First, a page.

What is the difference between “vivre” and “habiter”? It seems that they both mean “to live“? But, when to use each?
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"vivre" corresponds to the general abstract meaning of "to live". "Habiter" is the restricted sense of living at one particular place. As a rule of thumb, you can always use "vivre" instead of "habiter", but the reverse is not always true. More precisely, you can only use "habiter" when you want to say "to live somewhere".
"Je vis dans cette maison" : OK
"J'habite dans cette maison" : OK (the meaning is the same)
"Je vis une belle vie" : OK
"J'habite une belle vie" : makes no sense
"habiter" can also be used in a metaphorical sense, such as "Une passion m'habite" (Roughly translated "A passion is inside me"). This is still somehow related to the notion of living somewhere. Thanks to Stephane Gimenez for this remark.
Vivre is the general translation of live, as in, what you go through until you die.
Habiter specifically refers to one's home. (The verb also has other, related, less common meanings.) Both vivre and habiter can be used in the sense of having one's home in a particular place. There is a nuance between them: habiter refers strictly to one's home, whereas vivre generally covers a larger area that includes the place where you work, shop, etc. Thus habiter tends to be used with more precise indications of locations, while vivre tends to be used with less precise indications.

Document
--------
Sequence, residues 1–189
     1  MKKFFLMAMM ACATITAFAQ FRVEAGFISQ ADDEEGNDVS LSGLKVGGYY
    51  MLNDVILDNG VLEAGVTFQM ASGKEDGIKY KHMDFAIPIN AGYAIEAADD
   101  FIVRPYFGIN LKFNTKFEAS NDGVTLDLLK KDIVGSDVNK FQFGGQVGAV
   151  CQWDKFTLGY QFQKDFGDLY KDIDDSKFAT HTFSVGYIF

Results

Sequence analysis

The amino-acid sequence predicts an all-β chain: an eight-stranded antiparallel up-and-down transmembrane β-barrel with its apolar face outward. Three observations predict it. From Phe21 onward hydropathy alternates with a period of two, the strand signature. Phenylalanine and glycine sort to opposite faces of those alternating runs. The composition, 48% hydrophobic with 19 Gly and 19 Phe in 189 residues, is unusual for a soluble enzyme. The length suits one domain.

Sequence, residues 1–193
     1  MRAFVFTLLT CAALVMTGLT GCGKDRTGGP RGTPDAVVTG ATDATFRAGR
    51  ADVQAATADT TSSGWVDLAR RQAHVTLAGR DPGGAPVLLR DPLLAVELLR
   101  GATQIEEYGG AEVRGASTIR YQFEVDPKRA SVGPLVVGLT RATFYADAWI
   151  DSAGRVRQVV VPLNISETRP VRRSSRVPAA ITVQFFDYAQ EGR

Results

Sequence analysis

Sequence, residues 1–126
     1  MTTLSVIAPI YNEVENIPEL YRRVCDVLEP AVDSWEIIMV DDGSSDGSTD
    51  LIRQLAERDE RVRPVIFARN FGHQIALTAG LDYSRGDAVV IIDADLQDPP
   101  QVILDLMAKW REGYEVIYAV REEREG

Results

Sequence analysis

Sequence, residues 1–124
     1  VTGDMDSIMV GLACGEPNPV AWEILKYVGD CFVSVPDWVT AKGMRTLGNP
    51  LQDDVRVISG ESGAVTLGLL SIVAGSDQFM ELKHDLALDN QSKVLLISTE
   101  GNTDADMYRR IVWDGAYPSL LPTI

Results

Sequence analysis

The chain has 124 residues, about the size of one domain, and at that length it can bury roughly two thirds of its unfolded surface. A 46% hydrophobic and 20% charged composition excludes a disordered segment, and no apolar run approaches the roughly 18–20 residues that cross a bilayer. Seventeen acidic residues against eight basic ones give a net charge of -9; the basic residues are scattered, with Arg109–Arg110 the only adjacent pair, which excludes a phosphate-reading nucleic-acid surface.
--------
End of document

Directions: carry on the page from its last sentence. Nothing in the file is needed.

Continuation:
Here are a few examples.
Vivre is related the fact of existing or being alive.
Habiter is related to a geographical location where you live or exist.
Even if people use them most of the time as the same they don't have the same meaning. Vivre has a larger one.
Vivre has the meaning of existing
Haviter is a location where someone or something can stay, live, or exist